There is need to translate the Community Land Act in local dialects to expedite the process of transition from group ranches to community land.
This will enhance understanding and confidence in local communities since they are more proficient in their distinct local languages.
Commissioner Reginald Okumu of the National Land Commission (NLC) also urged the government to consider traditional systems of land governance for instance adopting customary titles.
Mr. Okumu who was a panellist in a joint webinar between NLC and NAMATI, explained that the Commission is currently working together with counties to build capacity by providing planners to ensure that community land is properly planned.
The Commission is also developing a framework for monitoring registration of community land in Kenya in accordance with its mandate of advising the national government on a comprehensive program for the registration of title in land.
He added that the Commission is also working towards developing a practical land inventory.
“As you are aware, within the community land, we are required to identify public land and make sure they are surveyed and properly documented,” he stated.
Meanwhile, he urged the Land Registrar to facilitate annual registration status of community land as provided for by the law.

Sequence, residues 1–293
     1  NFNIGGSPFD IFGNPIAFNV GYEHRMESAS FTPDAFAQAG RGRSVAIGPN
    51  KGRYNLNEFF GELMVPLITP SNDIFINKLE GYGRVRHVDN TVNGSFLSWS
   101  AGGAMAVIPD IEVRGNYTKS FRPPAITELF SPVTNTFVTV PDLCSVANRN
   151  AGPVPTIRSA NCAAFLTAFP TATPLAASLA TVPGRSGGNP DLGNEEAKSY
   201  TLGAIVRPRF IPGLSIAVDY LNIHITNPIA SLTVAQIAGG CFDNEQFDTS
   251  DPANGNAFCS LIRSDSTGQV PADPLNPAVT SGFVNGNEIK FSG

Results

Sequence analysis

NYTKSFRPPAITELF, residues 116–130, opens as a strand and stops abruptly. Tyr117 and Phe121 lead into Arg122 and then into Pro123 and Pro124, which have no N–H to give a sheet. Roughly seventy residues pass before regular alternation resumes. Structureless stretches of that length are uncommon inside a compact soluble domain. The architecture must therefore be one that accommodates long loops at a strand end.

“Land Registration Act Section 14(2b) obligates the Chief Land Registrar to issue a report annually and give to the Commission and the Lands Cabinet Secretary, progress being made on registration,” noted Okumu.
Also speaking was Prof. Gordon Wayumba, a lecturer at the Technical University of Kenya(TUK) who explained that group ranches ownership are mainly dominated by men.
“Within the group ranches, there are land ownerships and men own the parcels of land, this is historical as most of the communities especially in the ASAL areas are very conservative especially in having women own title deeds,” he said.
He implored that as a result, succession of land is a major issue and that men in such areas die without leaving a will or registering land hence widows and children remain homeless thereafter.
Prof. Wayumba was also categorical that committee members in group ranches, mostly of the male gender, own fertile land, locking out their female counterparts.
Meanwhile, Director of Land Adjudication and Settlement at the Ministry of Lands, Mr. Kennedy Githunguri explained that gender inclusivity in community registration processes has been adhered to.
“In the ongoing review of the regulations, a standard register of members is being developed to include the gender component for ease of scrutiny,” said Githunguri.
Despite the slow progress of registering communities, he stated that the Ministry had made some progress. Registered community land in Kamuthe in Garissa (4 titles), Nairimirimo in Samburu 49 titles) and Arsim in Samburu (48 titles).
NAMATI’S Director of Land, Environment and Climate Justice Eileen Wakesho gave a detailed presentation on the wins of gender inclusivity in community land registration.
NLC’s Deputy Director of Research Dr. Mary Wandia was the moderator of the webinar dubbed: Gender Inclusion in the Context of Group Ranch Transition to Community Land in Kenya.

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